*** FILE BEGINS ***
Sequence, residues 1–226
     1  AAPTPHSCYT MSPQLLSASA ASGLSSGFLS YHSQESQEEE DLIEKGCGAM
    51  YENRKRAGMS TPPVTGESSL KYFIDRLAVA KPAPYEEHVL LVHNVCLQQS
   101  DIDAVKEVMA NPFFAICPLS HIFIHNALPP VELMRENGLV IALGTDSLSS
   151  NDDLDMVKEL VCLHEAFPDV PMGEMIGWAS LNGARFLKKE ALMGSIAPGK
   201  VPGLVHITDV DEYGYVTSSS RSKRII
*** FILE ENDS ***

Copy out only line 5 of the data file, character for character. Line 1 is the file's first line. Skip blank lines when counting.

   151  NDDLDMVKEL VCLHEAFPDV PMGEMIGWAS LNGARFLKKE ALMGSIAPGK